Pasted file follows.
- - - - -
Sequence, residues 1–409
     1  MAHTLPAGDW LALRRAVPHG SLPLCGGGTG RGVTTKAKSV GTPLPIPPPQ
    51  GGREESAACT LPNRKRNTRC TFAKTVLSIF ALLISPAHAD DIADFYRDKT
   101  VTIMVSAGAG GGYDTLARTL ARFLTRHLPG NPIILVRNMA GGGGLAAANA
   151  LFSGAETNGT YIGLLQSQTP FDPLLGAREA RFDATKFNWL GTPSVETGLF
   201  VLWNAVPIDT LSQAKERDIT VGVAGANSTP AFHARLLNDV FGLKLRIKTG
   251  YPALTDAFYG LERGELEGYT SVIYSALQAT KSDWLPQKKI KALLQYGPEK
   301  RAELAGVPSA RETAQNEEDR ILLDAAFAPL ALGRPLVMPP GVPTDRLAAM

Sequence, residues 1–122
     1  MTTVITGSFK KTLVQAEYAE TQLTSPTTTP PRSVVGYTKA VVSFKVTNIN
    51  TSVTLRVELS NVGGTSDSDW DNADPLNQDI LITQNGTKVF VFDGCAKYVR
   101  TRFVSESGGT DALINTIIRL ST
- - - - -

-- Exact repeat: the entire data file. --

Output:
Sequence, residues 1–409
     1  MAHTLPAGDW LALRRAVPHG SLPLCGGGTG RGVTTKAKSV GTPLPIPPPQ
    51  GGREESAACT LPNRKRNTRC TFAKTVLSIF ALLISPAHAD DIADFYRDKT
   101  VTIMVSAGAG GGYDTLARTL ARFLTRHLPG NPIILVRNMA GGGGLAAANA
   151  LFSGAETNGT YIGLLQSQTP FDPLLGAREA RFDATKFNWL GTPSVETGLF
   201  VLWNAVPIDT LSQAKERDIT VGVAGANSTP AFHARLLNDV FGLKLRIKTG
   251  YPALTDAFYG LERGELEGYT SVIYSALQAT KSDWLPQKKI KALLQYGPEK
   301  RAELAGVPSA RETAQNEEDR ILLDAAFAPL ALGRPLVMPP GVPTDRLAAM

Sequence, residues 1–122
     1  MTTVITGSFK KTLVQAEYAE TQLTSPTTTP PRSVVGYTKA VVSFKVTNIN
    51  TSVTLRVELS NVGGTSDSDW DNADPLNQDI LITQNGTKVF VFDGCAKYVR
   101  TRFVSESGGT DALINTIIRL ST